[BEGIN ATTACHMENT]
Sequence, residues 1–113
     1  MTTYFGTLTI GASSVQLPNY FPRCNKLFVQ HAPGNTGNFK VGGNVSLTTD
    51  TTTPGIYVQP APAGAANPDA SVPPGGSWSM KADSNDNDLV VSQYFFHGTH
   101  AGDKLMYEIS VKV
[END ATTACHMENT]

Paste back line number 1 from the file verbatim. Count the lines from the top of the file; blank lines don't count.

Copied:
Sequence, residues 1–113